Departments must acquire vehicles that are consistent with the classes named in the Government Motor Vehicle Ordering Guide published by PWGSC unless Treasury Board Secretariat (TBS) provides separate approval.

  • Departments must acquire vehicles that contain the minimum features contained in the Government Motor Vehicle Ordering Guide as established by the Government Motor Vehicle Technical Committee and negotiated by PWGSC Headquarters as part of the vehicle selection unless separate approval is provided by TBS.[1]

Departments must comply with the Alternative Fuels Act when making motor vehicle procurement decisions.

  • Departments must assess the cost-effectiveness and operational feasibility of all new vehicle acquisitions to operate on alternative transportation fuels (ATF) and must ensure that 75 per cent of the cost-effective and operationally feasible candidates use ATFs where available.
  • Written justification must be kept on file to support decisions about the types of vehicles purchased and fuel used. This information must be retained for five years after the vehicle's useful life in the fleet has ended.

When considering the purchase of designated Leadership Vehicles, departments must weigh equally cost-effectiveness, environmental benefits and visible leadership benefits.

5.2.2 Vehicle Leasing and Rental

Vehicle leases must not be used to meet ongoing program-related operational transportation requirements.

Vehicle classes, engines, options and minimum features must be consistent with those contained in the Government Motor Vehicle Ordering Guide.

Vehicle leases and rentals are contracts and must be entered into in compliance with the Treasury Board Policy on Managing Procurement.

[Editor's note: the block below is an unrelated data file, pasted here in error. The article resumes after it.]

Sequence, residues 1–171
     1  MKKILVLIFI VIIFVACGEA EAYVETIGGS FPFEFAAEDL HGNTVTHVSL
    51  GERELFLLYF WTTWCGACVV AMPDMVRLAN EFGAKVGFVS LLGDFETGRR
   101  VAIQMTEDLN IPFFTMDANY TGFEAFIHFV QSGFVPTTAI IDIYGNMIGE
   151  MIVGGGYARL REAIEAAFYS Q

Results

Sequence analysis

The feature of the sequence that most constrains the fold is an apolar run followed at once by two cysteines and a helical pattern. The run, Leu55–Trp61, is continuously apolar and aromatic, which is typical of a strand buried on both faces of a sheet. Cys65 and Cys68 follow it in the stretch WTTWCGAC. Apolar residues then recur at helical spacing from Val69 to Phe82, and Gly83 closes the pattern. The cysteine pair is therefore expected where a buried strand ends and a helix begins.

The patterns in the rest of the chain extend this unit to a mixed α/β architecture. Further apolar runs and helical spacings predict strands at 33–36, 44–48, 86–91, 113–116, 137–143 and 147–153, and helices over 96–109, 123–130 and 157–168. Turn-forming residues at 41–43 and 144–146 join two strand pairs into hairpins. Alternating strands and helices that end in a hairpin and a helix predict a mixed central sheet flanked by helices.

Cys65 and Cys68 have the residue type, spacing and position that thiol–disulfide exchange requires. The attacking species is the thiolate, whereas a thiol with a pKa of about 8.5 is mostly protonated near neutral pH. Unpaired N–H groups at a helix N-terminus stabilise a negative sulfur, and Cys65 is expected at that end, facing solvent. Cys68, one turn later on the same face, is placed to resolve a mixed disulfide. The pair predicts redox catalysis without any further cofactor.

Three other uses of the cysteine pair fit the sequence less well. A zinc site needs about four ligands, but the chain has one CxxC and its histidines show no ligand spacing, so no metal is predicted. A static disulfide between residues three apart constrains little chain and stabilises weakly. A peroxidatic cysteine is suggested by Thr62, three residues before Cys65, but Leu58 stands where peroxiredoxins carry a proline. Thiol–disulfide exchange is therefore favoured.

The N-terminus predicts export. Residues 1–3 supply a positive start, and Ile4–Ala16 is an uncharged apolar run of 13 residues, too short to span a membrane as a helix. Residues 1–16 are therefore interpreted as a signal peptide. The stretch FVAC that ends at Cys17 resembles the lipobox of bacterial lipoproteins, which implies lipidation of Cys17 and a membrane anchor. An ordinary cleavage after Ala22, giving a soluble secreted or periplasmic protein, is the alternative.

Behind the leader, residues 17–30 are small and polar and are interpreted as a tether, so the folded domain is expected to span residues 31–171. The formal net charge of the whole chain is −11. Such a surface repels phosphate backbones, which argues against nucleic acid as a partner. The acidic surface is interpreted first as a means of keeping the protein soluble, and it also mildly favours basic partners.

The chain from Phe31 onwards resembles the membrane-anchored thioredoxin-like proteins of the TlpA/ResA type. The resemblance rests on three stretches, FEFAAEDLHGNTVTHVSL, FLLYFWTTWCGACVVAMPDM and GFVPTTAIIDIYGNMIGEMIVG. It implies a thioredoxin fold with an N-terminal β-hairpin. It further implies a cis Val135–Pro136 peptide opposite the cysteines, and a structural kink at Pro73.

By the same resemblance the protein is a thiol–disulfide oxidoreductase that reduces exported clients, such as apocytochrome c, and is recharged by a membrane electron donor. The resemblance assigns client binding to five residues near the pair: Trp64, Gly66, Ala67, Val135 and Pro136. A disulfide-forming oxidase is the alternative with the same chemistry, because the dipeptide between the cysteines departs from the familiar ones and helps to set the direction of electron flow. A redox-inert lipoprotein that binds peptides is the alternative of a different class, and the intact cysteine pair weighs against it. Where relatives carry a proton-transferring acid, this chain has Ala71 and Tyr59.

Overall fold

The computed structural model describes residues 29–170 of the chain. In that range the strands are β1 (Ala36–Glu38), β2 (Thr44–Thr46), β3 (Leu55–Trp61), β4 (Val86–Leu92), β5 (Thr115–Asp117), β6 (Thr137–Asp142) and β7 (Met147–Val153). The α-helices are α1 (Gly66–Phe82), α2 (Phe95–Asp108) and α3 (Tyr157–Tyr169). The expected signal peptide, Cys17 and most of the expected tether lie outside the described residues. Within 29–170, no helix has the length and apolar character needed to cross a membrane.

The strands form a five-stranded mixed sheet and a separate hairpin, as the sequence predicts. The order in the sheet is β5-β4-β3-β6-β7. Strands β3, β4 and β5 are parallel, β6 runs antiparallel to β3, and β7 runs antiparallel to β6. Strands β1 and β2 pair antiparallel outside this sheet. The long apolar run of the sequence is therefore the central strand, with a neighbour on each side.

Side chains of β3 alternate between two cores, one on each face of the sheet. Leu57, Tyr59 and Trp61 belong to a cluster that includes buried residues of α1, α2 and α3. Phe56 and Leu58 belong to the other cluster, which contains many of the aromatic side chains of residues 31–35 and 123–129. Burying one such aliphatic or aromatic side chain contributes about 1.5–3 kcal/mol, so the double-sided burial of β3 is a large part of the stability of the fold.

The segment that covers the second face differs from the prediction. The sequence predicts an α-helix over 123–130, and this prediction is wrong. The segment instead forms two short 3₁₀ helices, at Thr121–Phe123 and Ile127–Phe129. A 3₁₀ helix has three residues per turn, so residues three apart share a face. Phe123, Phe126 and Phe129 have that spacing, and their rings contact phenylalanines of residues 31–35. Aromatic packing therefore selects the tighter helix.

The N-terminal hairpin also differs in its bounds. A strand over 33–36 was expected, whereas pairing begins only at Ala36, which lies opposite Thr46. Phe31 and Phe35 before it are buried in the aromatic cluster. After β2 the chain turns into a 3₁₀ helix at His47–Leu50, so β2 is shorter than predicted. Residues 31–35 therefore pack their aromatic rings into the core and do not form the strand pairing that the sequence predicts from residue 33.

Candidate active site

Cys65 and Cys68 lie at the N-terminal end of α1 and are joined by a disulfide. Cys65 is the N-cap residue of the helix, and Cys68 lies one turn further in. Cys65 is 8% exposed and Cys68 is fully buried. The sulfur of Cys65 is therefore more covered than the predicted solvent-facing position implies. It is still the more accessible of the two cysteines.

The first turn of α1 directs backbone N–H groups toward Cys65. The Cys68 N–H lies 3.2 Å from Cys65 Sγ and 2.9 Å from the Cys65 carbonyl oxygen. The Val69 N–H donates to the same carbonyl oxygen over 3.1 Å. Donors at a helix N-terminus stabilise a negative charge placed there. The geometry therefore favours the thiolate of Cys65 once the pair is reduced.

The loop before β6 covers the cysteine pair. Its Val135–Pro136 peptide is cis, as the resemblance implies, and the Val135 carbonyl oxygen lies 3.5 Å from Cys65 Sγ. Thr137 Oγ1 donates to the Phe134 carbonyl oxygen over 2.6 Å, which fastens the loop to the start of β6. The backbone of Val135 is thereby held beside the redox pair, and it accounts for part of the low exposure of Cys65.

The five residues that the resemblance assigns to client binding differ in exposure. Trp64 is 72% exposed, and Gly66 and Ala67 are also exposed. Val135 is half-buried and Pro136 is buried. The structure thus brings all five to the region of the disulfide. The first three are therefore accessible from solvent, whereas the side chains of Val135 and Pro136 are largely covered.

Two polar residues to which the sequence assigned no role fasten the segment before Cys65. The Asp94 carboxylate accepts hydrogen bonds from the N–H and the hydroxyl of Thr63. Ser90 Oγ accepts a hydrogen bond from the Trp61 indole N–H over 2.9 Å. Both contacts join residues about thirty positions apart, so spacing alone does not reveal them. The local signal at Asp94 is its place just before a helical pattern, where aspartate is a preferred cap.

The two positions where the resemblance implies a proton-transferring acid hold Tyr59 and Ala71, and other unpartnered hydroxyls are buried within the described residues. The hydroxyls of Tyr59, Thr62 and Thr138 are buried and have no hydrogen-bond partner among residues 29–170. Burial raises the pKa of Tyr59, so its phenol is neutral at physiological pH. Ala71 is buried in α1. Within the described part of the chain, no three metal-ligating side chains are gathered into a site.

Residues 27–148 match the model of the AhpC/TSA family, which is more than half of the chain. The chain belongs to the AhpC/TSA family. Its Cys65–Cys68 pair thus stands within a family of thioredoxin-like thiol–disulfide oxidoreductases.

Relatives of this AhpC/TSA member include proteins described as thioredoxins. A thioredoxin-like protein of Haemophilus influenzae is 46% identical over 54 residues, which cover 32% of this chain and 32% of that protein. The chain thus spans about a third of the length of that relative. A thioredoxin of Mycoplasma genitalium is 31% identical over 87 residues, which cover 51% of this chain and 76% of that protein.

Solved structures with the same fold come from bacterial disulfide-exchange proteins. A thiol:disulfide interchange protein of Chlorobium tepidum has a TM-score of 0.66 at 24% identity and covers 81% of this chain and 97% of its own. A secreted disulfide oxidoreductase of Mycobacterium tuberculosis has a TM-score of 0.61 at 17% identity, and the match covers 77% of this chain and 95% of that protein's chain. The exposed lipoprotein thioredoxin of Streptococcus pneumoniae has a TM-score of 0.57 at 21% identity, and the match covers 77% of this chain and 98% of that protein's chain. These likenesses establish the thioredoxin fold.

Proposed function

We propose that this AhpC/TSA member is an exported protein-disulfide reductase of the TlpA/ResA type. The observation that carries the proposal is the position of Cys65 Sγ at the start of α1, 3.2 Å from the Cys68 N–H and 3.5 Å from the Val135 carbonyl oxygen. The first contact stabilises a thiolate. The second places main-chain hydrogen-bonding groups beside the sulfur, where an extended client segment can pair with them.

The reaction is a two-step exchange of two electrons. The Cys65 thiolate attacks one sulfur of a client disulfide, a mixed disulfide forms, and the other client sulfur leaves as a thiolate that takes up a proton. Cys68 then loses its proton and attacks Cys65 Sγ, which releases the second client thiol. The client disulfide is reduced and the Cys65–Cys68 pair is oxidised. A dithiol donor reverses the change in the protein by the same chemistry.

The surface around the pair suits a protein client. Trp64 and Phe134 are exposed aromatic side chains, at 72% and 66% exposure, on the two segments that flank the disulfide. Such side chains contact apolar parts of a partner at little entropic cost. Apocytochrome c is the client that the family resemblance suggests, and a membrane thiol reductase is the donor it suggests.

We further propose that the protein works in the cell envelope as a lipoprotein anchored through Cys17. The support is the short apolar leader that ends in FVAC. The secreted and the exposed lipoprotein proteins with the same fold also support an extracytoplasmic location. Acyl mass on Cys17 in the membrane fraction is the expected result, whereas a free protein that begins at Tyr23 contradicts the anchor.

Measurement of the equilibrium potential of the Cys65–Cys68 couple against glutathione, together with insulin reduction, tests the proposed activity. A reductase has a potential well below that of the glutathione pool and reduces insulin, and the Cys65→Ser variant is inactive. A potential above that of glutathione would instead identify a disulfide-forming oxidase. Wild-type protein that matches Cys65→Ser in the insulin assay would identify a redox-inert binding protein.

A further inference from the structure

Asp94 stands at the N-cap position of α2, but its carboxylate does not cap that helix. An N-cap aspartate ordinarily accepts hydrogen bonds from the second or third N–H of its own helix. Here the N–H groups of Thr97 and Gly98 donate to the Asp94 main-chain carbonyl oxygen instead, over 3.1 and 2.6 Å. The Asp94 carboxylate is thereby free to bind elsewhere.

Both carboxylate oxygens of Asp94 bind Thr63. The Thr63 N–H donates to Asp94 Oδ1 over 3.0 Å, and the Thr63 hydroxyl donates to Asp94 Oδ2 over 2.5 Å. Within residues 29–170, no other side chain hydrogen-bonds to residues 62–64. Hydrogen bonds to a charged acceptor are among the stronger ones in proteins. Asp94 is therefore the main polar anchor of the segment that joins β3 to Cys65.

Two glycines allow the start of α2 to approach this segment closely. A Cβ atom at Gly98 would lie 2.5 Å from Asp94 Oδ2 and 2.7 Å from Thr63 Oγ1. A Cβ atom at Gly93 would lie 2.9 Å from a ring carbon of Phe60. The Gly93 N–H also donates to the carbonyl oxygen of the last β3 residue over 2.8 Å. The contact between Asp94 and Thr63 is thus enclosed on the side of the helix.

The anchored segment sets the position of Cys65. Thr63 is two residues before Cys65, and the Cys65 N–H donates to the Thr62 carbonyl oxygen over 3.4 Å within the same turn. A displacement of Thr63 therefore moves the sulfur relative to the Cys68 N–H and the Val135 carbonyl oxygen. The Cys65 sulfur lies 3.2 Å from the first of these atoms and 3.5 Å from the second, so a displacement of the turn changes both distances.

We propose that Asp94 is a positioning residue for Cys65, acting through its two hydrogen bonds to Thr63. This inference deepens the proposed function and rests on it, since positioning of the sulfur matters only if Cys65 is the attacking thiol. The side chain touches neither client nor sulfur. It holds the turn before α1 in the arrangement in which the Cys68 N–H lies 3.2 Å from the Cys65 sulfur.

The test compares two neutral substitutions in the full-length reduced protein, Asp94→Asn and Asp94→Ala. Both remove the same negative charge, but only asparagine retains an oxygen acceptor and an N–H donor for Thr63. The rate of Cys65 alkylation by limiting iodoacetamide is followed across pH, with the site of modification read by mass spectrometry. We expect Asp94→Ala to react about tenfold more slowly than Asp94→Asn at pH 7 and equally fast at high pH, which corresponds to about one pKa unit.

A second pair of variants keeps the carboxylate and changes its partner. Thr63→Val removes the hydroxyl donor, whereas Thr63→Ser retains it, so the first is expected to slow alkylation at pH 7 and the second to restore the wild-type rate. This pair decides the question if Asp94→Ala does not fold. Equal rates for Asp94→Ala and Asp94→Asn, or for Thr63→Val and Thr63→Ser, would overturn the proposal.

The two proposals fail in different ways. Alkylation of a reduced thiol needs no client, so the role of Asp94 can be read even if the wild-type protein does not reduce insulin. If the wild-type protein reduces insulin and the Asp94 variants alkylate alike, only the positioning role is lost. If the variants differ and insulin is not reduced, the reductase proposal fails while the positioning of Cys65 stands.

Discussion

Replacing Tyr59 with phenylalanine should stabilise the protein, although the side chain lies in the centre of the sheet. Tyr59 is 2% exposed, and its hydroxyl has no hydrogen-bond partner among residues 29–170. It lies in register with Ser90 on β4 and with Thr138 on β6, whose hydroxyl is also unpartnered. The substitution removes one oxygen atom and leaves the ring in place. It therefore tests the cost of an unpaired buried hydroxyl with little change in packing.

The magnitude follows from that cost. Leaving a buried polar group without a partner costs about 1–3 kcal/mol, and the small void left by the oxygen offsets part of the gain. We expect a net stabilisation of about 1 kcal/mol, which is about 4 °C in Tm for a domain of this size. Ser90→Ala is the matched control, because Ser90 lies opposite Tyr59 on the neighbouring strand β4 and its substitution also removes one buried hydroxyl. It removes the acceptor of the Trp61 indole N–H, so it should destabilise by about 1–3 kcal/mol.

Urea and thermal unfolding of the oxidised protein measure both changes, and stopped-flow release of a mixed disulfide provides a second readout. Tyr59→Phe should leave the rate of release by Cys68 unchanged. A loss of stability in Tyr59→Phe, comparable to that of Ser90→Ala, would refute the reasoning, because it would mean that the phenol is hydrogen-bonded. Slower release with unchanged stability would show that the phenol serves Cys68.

Fleet management information systems used by departments to track data on departmental vehicles must track the same data for vehicles leased or rented for more than 30 days, including the duration of the lease or rental period (start and end date) and the cost.

5.3 Fleet operation, use and maintenance

5.3.1 Fuel

Drivers of government vehicles that operate on gasoline must fill up with E-10 fuel whenever possible.

Premium fuel must not be purchased unless required by the vehicle manufacturer or unless E-10 fuel is only available in a premium blend.

E10 fuel must be used in bulk fuel storage tanks whenever possible.

Alternative fuels must be used in vehicles capable of operating on such fuels, when it is determined to be operationally feasible and cost-effective, in compliance with the requirements of the Alternative Fuels Act.

When considering the use of alternative fuels, departments must weigh equally cost-effectiveness, environmental benefits and visible leadership benefits.

5.3.2 Risk management

Departments and agencies must take appropriate action to identify, assess and minimize risks associated with the acquisition, operation, use and disposal of vehicles. Risk factors may include, but are not limited to financial, legal, corporate, occupational, health, safety, security and environment.

Individuals who are not government employees (e.g. contractors, volunteers, students) may operate government vehicles or be passengers in government vehicles, and guests or industry representatives may be passengers in government vehicles and be covered under the department's self underwriting policy provided such travel is authorized (government business only) and sound risk management practices are followed in determining the amount of risk the Crown will assume. At a minimum, these practices must include:

  • Ensuring every driver possesses a valid licence to operate the motor vehicle to which he or she is assigned in compliance with the appropriate provincial or territorial law; and
  • Determining the most appropriate manner of underwriting the risk to the Crown for damage to the vehicle, driver and passenger injury, or third-party claims.

5.3.3 Vehicle management and allocation

Vehicle utilization data (both distance and duration of use) must be collected and tracked for all vehicle travel.

  • Departments must ensure that a log book (or other appropriate utilization tool) is assigned to every vehicle and that a vehicle log is available for pooled vehicles;